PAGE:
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Peeple, the ‘Yelp for people,’ lets anyone publicly rate you as a person

peeple app faces criticism
Caution: You are about to enter a very judgmental zone. The new app Peeple has made its debut, and it’s like putting the entirety of the Mean Girls‘ burn book online. Described as “Yelp for people,” the app lets you rate and review literally anyone and everyone (provided they’re on the app), making each and every interaction you’ve ever had potential fodder for gossip, judgment, or worse.

Justifying the concept, Julia Cordray, one of the app’s founders, said, “People do so much research when they buy a car or make those kinds of decisions. Why not do the same kind of research on other aspects of your life?” Maybe because you can’t really hurt a car’s feelings.

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The concept behind the app is simple (and not particularly novel — Lulu has long been known as “Yelp for men,” though they recently changed their policies so that only men who opt in are eligible for review following significant backlash for its original, no-holds-barred approach). But after announcing their plan to the tune of national outrage last year, Peeple’s actual launch has made them seem a little softer around the edges.

“People taught Peeple a valuable lesson,” the app’s creators noted, and a few changes have been made to make Peeple seem a little nicer. Rather than ratings, people will be giving and receiving “recommendations,” and instead of subjecting the whole world to potential Peeple abuse, now you’ll only be able to write about individuals who have signed up for the platform. And it won’t be a free for all, either — users will have the option to choose the recommendations they want displayed. So really, it’s turned into a big ego-stroking exercise, though that may still be significantly better than its original conception.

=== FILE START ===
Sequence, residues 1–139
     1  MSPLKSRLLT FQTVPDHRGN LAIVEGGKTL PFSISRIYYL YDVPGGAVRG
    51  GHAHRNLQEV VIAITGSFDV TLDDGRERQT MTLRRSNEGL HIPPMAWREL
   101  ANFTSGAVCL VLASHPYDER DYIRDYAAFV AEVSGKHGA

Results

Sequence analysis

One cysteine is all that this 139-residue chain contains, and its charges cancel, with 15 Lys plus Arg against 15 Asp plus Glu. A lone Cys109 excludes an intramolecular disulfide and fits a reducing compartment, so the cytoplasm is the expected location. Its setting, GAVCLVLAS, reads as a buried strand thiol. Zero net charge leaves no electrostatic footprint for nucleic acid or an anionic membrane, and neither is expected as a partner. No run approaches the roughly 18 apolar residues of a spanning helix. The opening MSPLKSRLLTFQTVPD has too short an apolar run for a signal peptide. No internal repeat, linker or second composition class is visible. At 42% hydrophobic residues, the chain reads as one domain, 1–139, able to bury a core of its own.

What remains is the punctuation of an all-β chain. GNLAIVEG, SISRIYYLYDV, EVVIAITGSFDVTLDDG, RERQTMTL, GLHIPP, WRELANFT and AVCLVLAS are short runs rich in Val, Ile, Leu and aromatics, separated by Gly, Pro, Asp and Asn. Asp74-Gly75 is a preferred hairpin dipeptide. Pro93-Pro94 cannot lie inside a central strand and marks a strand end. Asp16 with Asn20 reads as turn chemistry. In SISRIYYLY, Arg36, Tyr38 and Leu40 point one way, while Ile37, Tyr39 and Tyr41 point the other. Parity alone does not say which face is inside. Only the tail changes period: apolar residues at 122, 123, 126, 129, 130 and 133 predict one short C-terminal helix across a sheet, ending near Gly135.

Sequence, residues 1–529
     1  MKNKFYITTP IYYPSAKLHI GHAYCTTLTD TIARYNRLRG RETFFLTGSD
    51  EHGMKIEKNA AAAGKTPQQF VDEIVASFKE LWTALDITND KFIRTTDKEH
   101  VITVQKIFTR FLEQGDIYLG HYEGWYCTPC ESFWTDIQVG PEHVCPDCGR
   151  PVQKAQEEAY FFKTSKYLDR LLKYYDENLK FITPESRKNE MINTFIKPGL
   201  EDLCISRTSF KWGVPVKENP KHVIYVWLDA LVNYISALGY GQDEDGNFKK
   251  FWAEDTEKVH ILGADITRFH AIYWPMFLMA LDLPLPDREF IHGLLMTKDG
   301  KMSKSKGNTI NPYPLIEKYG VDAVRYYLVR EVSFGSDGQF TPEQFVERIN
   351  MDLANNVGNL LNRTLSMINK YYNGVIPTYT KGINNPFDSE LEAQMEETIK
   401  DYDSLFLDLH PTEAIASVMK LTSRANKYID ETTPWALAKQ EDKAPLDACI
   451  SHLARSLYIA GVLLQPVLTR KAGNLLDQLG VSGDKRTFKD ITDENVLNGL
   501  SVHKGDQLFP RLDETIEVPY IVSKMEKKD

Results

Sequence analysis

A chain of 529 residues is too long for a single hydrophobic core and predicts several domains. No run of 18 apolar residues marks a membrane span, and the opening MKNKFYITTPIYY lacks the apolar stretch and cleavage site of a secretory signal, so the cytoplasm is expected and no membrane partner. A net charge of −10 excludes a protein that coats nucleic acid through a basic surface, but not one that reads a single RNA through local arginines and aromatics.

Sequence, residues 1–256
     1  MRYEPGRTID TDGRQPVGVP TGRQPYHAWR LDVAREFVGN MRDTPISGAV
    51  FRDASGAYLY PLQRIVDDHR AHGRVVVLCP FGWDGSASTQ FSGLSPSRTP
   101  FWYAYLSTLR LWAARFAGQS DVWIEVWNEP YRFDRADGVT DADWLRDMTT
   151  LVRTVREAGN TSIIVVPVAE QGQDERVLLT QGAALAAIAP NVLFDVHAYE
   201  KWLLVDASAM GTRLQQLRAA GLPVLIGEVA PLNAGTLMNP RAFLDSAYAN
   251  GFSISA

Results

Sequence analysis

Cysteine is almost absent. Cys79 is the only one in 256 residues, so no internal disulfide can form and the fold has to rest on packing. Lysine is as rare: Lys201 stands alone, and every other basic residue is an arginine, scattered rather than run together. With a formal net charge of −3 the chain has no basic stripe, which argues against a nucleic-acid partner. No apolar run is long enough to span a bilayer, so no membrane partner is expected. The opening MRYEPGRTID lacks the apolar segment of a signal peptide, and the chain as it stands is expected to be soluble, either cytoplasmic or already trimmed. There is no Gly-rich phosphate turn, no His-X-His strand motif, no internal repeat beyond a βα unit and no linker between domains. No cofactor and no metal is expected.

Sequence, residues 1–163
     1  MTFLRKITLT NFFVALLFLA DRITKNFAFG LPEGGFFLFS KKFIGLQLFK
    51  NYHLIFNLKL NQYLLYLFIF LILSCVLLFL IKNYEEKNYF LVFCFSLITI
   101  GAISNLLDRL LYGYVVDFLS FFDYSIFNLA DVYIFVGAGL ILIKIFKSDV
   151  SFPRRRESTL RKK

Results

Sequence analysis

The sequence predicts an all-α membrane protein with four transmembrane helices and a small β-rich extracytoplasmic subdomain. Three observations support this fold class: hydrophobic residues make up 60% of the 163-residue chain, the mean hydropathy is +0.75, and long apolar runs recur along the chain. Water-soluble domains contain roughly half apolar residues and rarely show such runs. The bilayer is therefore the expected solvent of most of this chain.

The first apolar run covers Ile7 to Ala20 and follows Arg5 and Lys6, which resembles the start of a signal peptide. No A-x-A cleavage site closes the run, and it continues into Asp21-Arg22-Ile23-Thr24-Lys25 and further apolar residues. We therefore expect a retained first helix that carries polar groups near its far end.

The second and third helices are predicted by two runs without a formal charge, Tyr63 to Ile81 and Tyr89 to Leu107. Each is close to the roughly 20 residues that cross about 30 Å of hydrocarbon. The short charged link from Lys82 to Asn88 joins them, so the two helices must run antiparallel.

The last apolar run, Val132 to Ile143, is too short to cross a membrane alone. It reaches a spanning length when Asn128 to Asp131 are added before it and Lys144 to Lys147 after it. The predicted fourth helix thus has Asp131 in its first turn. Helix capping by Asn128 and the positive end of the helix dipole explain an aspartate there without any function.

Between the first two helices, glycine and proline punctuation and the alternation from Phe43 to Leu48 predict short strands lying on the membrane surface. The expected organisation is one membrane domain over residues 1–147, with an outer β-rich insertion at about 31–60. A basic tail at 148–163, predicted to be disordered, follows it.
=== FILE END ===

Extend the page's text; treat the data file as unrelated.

But don’t worry — if you were one of the people excited for the original version of Peeple, the creators say they’re planning on launching a premium feature next month they’re calling The Truth License. This will hearken more to the initial model — everything and anything you’ve said about other Peeple users will be made public, so be afraid. Be very afraid.

Remember when your mother told you not to say anything if you had nothing nice to say? That just went out the window.

Fundamental flaw with #Peeple: The only kind of people who would want to "rate" other people are the Exact people who shouldn't be able to.

— Rex Mundane (@RexMundane) October 1, 2015

There are, however, a number of things that Peeple will not let you say about others on their platform. As per their FAQ: “We do not tolerate profanity, bullying, health references, disability references, confidential information, mentioning other people in a rating that you are not currently writing a rating for, name calling, degrading comments, abuse, derogatory comments, sexual references, mention of confidential information, racism, legal references, hateful content, sexism, and other parameters in our terms and conditions.”

Founders of #Peeple need to know how absolutely dangerous this function is for survivors of domestic violence

— Yukio Strachan (@boldandworthy) October 1, 2015

But still, despite this makeover, some people appear none too pleased. One Facebook commenter posted on the Peeple page, “I just read about this new App and it literally made me sick to my stomach. I will NEVER use this App!! It’s just another cheap platform that will inevitably create more cyber bullying!”

Wow, this #Peeple is utterly grotesque. It's like highschool cliques to the nth degree.

— Evilution (@_Evilution) October 1, 2015

So is it nicer than before? Maybe. Is it still problematic? You may have to judge for yourself.

Updated 03-07-2016 by Lulu Chang: Peeple app officially released on March 5. New details about the app have been added.

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